KNOT

Prime knot with 19 crossings

A knot, in the mathematical sense, can be defined as an equivalence class of smooth curves of  closed without self-intersection, two curves being equivalent if one can be transformed into the other in  continuously, the curve remaining closed and without self-intersection throughout the transformation.
The crossing number of a knot is the minimal number of double points of the planar projections of its representations that do not have points of order greater than or equal to 3. The knot that has a representation without crossings is called trivial knot, or unknot.

 The sum of two knots A and B is defined as the knot obtained by cutting A and B, calling the four ends A1, A2, B1, B2 and glueing A1 to B1, and A2 to B2 (the resulting knot does not depend on where the cuts were made). A prime knot is a knot that cannot be the sum of two non trivial knots. Other knots (except the trivial one) are called composite knots, and can be written in a unique way as the sum of prime knots. As the diagram on the right shows, this knot can be decomposed into  a figure-eight knot (4 crossings) and a prime knot with 7 crossings 7.1.7.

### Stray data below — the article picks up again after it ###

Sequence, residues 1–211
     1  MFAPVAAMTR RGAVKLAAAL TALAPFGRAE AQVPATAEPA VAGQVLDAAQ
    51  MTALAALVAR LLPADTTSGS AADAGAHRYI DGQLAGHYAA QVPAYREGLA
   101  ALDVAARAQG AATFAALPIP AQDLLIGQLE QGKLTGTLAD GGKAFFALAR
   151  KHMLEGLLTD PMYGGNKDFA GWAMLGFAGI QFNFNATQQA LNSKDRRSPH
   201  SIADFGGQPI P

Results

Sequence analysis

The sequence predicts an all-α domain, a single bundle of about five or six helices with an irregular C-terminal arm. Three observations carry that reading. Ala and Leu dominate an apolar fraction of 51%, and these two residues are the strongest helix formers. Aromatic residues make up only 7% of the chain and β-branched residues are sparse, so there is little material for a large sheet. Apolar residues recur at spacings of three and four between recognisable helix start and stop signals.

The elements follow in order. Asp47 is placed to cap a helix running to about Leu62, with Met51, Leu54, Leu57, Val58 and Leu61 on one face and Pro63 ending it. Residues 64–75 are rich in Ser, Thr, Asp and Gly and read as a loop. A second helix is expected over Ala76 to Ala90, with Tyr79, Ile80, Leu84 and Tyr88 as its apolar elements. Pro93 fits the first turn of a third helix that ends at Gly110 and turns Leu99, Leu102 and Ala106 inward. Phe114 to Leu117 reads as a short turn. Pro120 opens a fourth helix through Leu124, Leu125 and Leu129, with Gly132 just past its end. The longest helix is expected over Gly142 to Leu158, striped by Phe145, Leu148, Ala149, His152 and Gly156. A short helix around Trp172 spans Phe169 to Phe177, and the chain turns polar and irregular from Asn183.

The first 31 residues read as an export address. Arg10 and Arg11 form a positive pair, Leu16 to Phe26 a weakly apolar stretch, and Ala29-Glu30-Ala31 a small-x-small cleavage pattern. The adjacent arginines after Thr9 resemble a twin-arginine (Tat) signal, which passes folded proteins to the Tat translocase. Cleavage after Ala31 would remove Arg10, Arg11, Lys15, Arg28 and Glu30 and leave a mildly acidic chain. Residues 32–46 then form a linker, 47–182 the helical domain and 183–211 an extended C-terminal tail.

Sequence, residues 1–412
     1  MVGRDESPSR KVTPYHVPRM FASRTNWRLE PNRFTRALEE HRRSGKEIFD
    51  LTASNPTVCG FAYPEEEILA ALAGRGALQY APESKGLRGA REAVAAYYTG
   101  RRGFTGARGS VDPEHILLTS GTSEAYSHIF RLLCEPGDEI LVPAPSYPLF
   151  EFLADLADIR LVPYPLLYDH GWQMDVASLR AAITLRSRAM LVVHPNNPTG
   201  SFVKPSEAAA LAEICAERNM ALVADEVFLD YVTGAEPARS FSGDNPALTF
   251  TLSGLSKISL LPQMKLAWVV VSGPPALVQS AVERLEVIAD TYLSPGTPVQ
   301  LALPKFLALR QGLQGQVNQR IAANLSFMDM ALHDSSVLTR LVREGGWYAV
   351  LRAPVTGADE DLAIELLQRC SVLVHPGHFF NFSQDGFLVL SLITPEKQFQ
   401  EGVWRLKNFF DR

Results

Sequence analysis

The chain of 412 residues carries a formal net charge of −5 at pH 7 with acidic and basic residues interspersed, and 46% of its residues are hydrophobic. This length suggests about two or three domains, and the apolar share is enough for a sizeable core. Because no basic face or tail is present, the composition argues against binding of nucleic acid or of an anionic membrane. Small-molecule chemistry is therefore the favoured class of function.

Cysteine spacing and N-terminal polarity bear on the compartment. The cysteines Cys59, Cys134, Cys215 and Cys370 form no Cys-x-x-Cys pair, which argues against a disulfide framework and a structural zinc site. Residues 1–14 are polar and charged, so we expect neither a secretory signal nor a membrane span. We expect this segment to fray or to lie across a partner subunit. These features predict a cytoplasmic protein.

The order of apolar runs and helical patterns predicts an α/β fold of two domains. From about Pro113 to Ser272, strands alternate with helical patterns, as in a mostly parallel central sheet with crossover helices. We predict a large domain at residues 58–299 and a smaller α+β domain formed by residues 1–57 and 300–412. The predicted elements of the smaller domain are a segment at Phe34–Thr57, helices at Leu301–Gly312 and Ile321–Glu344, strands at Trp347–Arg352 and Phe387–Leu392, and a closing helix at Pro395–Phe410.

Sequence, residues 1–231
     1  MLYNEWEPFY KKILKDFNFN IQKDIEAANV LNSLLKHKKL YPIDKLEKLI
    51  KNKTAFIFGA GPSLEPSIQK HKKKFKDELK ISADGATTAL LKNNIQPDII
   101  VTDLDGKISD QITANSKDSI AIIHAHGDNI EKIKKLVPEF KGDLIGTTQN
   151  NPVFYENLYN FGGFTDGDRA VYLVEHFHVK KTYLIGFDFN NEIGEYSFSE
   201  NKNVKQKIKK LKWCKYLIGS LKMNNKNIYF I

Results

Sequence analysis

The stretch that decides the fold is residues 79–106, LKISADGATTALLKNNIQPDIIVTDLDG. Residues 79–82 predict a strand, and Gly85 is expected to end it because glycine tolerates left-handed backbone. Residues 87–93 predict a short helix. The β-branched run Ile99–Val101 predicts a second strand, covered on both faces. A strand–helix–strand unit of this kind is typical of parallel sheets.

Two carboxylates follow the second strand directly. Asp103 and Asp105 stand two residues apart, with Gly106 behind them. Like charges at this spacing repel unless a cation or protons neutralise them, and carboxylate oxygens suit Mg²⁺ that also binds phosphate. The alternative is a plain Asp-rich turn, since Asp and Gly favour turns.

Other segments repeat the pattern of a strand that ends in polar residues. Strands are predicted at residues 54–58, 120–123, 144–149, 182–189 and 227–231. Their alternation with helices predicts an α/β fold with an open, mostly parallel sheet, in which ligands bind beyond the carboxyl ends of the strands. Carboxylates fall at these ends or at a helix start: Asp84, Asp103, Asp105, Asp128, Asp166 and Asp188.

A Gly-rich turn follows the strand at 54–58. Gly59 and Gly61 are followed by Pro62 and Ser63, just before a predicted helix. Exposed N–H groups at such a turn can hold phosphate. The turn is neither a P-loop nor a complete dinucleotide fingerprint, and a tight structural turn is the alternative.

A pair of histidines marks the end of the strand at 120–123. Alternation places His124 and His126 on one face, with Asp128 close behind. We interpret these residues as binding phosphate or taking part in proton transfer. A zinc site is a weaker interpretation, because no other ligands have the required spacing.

Here are the diagrams of the prime knots with from 0 to 9 crossings:

The first six are Pretzel knots.
See on this page the graph associated to the knot.
See the trefoil knot 3.1.1, the figure-eight knot 4.1.1, the square and granny knots, the Carrick bend, the stevedore knot 6.1.1, the toric knots, the polygram knots, the rectangular or cylindrical billiard knots, the polygonal knots, the Lissajous and 3D billiard knots, the linear Celtic knots.
See also the conchoids of roses that provide many knots with rotation symmetry.

Finally, see the links, as well as the Seifert surfaces, surfaces the edges of which are a knot.
Compare to the generic curves.

 Impossible knot by Oscar Reutersvärd. It is a prime knot of type 8.1.16. Islamic knot; 16 crossings. Gauss code: 1,2,3,4,5,6,7,8,9,10,11,12,2,13,4,14,6,15,8,16,10,1,12,3,13,5,14,7,15,9,16,11

Other links on knots:
Book by Peter Cromwell
Knot-atlas
Java applet to determine the Gauss code of a knot from its drawing: knotilus.math.uwo.ca/javasketch.php
Website that allows to recover a prime knot from its Gauss code: knotilus.math.uwo.ca